How much weight will I lose?
Bariatric surgery is a “tool.” Weight loss success also depends on many other important factors, such as nutrition, exercise, and behaviour modification.
Once you have had surgery, your life will be forever different. Your body has now been modified to give you a better chance to overcome the underlying genetic, metabolic, environmental and lifestyle-induced state of obesity. These are powerful forces that created an unhealthy “weight set point” where your body has likely been stuck or hovering around, almost like a thermostat that is set too high. Your body is very effective at trying to maintain that weight and preventing change. As you lose weight, it is important to know that your body will try to establish a new set point. This leads to periodic plateaus in weight. This is normal and expected. Do not allow yourself to be discouraged when you reach a plateau, as these are normal and necessary parts of the weight-loss journey.
How often do you eat or drink?
Eat 3 meals a day + 1 protein snack/shake a day.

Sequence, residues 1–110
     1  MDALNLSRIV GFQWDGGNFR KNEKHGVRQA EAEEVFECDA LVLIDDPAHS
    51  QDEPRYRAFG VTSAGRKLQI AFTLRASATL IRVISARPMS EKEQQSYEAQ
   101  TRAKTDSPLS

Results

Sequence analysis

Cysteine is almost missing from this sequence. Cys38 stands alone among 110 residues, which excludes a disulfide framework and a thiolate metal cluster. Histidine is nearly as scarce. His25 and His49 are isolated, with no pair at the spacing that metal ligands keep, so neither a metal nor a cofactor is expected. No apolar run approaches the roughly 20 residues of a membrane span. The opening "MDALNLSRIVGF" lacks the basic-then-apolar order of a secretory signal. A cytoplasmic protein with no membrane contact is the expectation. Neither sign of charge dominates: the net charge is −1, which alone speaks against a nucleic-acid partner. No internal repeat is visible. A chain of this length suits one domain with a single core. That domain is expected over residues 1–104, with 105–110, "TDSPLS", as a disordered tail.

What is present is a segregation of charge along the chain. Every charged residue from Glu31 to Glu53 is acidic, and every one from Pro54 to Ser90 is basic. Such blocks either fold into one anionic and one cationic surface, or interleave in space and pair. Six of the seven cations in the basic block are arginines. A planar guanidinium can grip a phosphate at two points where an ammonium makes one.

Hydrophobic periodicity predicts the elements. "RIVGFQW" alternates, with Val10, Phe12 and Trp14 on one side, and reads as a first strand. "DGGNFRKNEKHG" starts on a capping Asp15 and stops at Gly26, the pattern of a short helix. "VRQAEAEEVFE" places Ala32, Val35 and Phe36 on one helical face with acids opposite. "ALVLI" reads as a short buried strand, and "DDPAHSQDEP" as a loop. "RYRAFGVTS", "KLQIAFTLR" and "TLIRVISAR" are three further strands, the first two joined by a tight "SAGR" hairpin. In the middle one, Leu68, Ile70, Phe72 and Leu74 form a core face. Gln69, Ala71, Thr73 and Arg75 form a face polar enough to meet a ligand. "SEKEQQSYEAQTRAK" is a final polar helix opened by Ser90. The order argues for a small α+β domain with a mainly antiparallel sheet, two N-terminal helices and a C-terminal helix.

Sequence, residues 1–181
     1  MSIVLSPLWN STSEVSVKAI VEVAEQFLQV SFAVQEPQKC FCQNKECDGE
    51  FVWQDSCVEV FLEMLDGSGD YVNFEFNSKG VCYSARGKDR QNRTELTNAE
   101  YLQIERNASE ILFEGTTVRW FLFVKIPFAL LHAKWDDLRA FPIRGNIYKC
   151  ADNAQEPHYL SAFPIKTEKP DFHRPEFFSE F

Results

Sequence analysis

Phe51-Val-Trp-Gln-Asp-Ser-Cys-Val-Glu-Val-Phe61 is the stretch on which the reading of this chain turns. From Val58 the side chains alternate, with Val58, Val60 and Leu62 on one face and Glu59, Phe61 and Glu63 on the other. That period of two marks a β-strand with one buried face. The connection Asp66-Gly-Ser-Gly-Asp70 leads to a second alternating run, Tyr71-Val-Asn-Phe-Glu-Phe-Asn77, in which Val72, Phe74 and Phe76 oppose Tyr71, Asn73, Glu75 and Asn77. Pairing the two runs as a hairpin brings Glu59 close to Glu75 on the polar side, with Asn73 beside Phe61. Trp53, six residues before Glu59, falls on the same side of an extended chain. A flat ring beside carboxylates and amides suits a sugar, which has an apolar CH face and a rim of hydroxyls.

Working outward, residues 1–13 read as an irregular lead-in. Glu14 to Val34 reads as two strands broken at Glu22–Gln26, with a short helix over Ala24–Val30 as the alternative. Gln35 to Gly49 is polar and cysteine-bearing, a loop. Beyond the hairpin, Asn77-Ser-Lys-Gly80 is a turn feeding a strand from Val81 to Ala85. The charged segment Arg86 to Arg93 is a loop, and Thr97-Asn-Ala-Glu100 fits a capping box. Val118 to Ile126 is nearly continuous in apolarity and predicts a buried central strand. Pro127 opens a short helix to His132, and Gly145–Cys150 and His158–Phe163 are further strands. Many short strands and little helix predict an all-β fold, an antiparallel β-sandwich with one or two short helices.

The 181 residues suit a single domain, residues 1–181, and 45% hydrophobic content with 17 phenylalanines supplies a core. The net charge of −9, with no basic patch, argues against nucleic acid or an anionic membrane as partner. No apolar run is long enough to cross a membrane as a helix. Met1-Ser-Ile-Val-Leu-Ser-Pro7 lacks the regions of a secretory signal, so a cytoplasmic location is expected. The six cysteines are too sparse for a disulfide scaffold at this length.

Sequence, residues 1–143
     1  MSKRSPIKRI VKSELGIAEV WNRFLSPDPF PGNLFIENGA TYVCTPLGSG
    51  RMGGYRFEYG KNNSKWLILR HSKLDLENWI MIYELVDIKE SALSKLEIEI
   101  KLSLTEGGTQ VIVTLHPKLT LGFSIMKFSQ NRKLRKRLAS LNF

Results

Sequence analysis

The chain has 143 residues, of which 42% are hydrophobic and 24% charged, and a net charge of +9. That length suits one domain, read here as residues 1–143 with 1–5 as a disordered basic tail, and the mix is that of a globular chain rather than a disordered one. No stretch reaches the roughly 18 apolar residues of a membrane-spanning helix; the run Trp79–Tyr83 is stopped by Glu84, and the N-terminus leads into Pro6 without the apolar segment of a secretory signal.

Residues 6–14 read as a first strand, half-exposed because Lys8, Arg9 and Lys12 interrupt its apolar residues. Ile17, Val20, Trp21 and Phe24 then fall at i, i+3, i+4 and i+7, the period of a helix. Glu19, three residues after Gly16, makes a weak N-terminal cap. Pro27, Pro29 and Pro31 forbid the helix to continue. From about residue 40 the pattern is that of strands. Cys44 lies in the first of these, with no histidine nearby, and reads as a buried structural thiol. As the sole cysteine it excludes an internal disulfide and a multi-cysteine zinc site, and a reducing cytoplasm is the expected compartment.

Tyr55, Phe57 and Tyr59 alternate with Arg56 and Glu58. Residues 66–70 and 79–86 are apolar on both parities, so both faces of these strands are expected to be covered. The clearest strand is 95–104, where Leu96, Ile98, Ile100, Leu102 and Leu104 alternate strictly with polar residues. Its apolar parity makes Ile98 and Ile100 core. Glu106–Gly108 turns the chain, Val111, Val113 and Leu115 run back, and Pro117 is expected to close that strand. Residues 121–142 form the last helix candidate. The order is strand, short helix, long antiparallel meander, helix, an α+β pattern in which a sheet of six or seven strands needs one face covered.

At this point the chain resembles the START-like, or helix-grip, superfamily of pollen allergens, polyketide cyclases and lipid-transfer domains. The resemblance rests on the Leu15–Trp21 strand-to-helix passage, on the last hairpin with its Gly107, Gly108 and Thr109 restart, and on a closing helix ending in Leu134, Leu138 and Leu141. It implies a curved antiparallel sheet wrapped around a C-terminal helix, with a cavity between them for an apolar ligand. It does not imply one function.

- Meals must include protein (>50g/day), fruits and vegetables and some grains.
- Continue with multi vitamin and mineral supplements
Drink plenty of water in between meals (>8 cups per day or >1.5L/day).
- Avoid water 15-30 minutes before or after a meal.
- Otherwise sip water or sugar free drinks throughout the day, avoid artificial sweeteners also.
How soon do I have to quit smoking before surgery?
We do not recommend surgery for smokers as they are prone to increased risk of anastomotic ulceration and leak.
Can I drink alcohol after surgery?
Alcohol is not recommended after bariatric surgery. Alcohol contains calories but minimal nutrition and will work against your weight loss goal. For example, wine contains twice than regular soft drink does. The absorption of alcohol changes with gastric bypass and gastric sleeve because an enzyme in the stomach which usually begins to digest alcohol is greatly reduced and you will reach the 0.05 with smaller volume.
What do I need to check with my private health fund?